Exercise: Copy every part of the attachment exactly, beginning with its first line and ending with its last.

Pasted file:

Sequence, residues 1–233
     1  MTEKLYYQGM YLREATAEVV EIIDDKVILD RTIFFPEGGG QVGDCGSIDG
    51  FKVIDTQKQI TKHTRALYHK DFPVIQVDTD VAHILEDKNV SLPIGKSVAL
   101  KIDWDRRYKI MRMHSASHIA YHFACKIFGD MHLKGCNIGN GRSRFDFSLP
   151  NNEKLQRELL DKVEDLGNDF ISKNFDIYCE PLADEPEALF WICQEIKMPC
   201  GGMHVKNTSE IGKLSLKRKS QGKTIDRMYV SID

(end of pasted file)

Sequence, residues 1–233
     1  MTEKLYYQGM YLREATAEVV EIIDDKVILD RTIFFPEGGG QVGDCGSIDG
    51  FKVIDTQKQI TKHTRALYHK DFPVIQVDTD VAHILEDKNV SLPIGKSVAL
   101  KIDWDRRYKI MRMHSASHIA YHFACKIFGD MHLKGCNIGN GRSRFDFSLP
   151  NNEKLQRELL DKVEDLGNDF ISKNFDIYCE PLADEPEALF WICQEIKMPC
   201  GGMHVKNTSE IGKLSLKRKS QGKTIDRMYV SID